More'a Coraline

Last week we posted the inside details of how the popular movie Coraline was produced. The makers of the film shunned conventional CGI techniques and went with a traditional stop-motion approach with a twist: many model components were produced on an Objet Connex500 3D printer. This enabled them to make many, many more custom components than would ever had been possible before. According to BusinessWeek, they were:
able to give Coraline 208,000 potential expressions by using 320 interchangeable molds of different eyebrow and forehead expressions and 650 different mouth molds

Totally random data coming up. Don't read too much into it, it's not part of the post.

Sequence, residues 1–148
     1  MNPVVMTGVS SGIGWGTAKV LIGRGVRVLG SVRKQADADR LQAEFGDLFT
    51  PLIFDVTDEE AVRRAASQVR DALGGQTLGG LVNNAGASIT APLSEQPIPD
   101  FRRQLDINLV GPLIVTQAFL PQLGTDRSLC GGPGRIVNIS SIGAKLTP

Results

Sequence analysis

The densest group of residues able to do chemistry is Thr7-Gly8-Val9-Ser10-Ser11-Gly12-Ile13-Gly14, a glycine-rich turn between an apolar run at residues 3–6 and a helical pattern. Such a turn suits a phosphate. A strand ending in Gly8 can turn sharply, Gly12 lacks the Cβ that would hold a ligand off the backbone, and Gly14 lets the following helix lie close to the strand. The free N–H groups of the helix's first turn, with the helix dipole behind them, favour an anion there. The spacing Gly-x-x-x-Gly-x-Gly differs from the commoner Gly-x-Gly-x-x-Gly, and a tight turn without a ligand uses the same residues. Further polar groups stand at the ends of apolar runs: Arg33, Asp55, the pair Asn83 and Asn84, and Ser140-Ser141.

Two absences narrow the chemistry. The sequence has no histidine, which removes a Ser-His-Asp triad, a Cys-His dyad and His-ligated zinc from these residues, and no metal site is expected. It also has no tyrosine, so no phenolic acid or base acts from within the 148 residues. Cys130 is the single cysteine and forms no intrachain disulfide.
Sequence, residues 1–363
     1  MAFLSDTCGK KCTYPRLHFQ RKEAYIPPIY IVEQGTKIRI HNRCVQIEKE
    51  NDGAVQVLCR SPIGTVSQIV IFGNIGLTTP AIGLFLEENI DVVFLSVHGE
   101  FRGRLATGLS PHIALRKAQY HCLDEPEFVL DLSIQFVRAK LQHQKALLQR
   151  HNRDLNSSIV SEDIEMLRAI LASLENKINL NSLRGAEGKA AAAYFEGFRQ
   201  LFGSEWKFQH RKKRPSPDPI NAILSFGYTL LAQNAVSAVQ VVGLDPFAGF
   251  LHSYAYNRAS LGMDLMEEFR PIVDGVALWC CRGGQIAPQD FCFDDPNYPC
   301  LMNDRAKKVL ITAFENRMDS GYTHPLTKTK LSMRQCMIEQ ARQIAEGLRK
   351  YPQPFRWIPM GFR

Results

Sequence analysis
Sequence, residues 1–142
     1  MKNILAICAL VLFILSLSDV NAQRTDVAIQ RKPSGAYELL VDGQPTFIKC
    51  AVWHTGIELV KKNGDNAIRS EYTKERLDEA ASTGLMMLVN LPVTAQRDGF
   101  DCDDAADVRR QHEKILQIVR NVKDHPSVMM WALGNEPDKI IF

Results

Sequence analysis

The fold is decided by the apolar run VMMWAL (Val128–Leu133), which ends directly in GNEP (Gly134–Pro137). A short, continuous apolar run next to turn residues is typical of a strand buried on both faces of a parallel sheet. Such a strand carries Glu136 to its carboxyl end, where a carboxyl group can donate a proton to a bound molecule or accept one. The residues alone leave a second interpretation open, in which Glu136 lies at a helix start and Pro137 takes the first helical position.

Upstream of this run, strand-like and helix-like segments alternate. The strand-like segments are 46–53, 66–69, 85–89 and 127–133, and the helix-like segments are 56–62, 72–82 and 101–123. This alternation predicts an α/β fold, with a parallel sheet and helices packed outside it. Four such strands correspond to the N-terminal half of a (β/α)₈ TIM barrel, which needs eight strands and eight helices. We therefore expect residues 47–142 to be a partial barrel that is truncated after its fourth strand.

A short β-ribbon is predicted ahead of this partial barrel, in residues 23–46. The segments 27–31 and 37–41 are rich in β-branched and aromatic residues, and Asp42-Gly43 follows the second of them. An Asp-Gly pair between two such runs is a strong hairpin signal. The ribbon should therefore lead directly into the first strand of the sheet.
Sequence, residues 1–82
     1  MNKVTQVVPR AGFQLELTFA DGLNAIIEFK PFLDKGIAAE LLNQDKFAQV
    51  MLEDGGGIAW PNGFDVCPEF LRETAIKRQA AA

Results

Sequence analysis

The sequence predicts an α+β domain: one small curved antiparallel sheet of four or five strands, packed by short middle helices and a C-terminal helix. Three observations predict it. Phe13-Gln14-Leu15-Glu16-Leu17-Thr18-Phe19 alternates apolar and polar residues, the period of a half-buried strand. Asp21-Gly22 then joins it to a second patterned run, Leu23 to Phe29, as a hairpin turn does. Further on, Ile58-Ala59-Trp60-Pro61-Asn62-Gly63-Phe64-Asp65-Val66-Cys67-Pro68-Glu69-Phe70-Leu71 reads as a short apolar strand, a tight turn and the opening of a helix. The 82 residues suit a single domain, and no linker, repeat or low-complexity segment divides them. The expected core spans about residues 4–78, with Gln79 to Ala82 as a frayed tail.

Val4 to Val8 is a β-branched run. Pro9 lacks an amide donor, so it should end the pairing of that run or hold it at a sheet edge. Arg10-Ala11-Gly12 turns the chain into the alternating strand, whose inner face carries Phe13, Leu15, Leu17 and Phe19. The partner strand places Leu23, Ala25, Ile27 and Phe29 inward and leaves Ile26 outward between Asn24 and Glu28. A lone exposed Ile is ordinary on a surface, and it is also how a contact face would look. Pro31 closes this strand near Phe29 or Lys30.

In the video pictured above, the makers explain how they produced an animated shower scene using 3D printed water! Ambitious, for certain - but it definitely worked. They used an Objet Connex500 to perform the printing, and we've talked about this device before. It's unique feature is the ability to print with multiple types of media simultaneously. You can read about the device here.
This is yet another interesting application of 3D print technology, where a situation required a very large number of unique parts. We believe any similar situation could likely benefit from 3D printing. 
Hat tip to Shimrit!

General Fabb

Kerry Stevenson, aka "General Fabb" has been writing Fabbaloo posts since he launched the venture in 2007, with an intention to promote and grow the incredible technology of 3D printing across the world. So far, it seems to be working!

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